She went to the all-girls Catholic High School a mile away in one direction, while I went to the all-boys Catholic High School two miles in the other direction. And never the twain shall meet. She dove in headfirst, got involved in everything and never had time to hang out, anymore. She was loving her experience.

    I dove headfirst into a mild depression, hating every minute of being surrounded by nothing but other boys all day long, and teachers who all were either total pricks (our word for them in Pittsburgh was “Jagoffs”), or so tired, old and bored they’d fall asleep in the middle of class (Brother Flavian was famous for this). A less inspiring educational environment you couldn’t conjure up. I quickly felt like I was not in the same league with Clare, and I withdrew into my bashful shell whenever I was around her, or other girls.

    Man, I hated everything about high school for the next 3 years. I have not one, single fond memory of that school. Not one. But, my 4 older brothers had all gone there, 3 having graduated and gone on to college, the 4th was two grades ahead of me, so I just always assumed that it was expected that I follow suit. An unspoken expectation.

    What “saved” me from my educational hell was booze and drugs. I discovered the wonders of getting drunk and high in the middle of my Sophomore year, and from that point on, I just didn’t give a rat’s ass about education. I had a good job in a restaurant, I’d ditched my nasty jock friends, for whom I was their favorite scapegoat, for friends I’d made at the restaurant, and began my education in the real world. In school, they played a lot of silly games and teachers were snarky and cruel and taught through fear tactics. I wanted none of it. I stayed the course, and pulled down grades just good enough to get through, as all I wanted was that piece of paper at the end of it all, that diploma. I knew that was important for my future, so that’s all I cared about. Other than that, I hung out with my new friends, and had a good time.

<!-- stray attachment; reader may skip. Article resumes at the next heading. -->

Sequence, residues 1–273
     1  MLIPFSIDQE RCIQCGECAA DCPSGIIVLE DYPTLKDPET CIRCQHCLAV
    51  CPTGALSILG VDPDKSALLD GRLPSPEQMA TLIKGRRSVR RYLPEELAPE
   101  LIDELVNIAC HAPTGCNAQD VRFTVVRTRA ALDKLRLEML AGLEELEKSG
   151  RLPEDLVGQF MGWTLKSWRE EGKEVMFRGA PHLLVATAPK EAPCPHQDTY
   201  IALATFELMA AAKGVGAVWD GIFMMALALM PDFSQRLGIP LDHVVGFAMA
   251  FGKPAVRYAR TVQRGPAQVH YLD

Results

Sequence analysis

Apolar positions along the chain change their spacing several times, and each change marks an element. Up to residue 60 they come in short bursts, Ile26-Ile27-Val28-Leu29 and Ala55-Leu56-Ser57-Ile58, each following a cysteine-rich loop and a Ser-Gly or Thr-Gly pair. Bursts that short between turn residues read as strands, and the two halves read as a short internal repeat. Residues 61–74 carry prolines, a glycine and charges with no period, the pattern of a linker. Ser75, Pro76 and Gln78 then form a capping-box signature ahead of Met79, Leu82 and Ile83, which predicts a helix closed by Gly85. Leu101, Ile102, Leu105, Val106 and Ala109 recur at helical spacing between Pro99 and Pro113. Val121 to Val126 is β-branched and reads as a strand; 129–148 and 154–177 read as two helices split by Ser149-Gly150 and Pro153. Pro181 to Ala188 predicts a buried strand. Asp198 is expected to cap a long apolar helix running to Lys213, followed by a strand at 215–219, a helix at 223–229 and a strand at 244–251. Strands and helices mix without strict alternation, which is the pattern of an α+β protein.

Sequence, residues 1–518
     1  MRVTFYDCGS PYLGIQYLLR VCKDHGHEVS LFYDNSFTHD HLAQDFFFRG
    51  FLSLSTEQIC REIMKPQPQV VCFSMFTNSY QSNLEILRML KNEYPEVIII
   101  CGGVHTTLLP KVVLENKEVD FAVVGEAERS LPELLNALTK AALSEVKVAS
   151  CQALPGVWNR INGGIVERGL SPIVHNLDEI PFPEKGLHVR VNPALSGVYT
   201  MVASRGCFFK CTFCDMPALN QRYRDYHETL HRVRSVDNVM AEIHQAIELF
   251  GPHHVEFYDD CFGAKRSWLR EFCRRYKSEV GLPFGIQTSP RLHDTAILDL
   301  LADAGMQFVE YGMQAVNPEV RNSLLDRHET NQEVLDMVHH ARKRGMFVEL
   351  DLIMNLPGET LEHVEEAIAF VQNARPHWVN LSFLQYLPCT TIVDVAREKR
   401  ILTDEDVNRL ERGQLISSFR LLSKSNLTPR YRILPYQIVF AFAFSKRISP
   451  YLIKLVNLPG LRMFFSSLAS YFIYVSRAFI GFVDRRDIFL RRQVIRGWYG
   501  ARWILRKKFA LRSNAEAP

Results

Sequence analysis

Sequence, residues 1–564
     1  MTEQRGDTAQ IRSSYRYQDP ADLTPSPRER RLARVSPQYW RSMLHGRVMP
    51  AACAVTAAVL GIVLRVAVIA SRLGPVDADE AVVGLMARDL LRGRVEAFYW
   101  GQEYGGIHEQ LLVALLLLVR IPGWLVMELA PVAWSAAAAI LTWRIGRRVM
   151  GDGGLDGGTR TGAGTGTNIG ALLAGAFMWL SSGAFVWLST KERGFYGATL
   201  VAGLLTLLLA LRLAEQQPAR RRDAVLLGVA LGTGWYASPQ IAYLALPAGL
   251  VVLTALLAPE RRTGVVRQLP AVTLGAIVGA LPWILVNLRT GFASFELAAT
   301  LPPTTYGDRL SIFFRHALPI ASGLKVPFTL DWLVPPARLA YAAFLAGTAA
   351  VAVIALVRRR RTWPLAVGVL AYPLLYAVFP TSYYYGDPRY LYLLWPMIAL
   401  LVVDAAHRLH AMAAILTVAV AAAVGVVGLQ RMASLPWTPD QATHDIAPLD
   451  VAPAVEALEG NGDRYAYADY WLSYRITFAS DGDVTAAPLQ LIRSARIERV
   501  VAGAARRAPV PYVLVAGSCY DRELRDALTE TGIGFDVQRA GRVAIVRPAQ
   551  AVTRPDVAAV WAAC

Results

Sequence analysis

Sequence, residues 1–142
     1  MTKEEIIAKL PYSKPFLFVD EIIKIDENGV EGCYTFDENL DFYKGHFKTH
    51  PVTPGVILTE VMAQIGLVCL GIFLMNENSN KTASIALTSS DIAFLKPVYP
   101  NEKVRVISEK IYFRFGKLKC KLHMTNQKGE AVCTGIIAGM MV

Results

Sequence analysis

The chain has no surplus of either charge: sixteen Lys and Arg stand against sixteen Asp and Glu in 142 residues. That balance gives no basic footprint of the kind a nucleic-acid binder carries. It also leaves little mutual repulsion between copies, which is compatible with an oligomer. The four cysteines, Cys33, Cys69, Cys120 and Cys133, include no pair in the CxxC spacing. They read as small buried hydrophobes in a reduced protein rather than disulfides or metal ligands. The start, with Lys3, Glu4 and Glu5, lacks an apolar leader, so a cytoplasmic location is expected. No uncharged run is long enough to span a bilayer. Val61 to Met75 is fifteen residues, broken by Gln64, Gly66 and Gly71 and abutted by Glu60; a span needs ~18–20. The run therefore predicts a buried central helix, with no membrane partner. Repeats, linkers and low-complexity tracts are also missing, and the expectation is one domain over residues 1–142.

I finally worked up the courage to bail on the Catholic High School for my senior year. When I told Mom and Dad my plan, they both agreed and thought it was a good idea. They could see how I was struggling at the Catholic School, and I had not needed to convince them – they went right along with it. When Dad got transferred to the Home Office in Hartford, Connecticut and had to move up that March, the plan was for me to stay behind and finish up school in Pittsburgh. I threw a big Keg Party at my house one Saturday night while they were out playing bridge, and 125 kids showed up. We had a big house, 13 rooms, but they were in each and every one of them, and it became my farewell party. My parents wanted me to move to Connecticut with them, certain I wasn’t ready to be on my own yet, after pulling a stunt like that.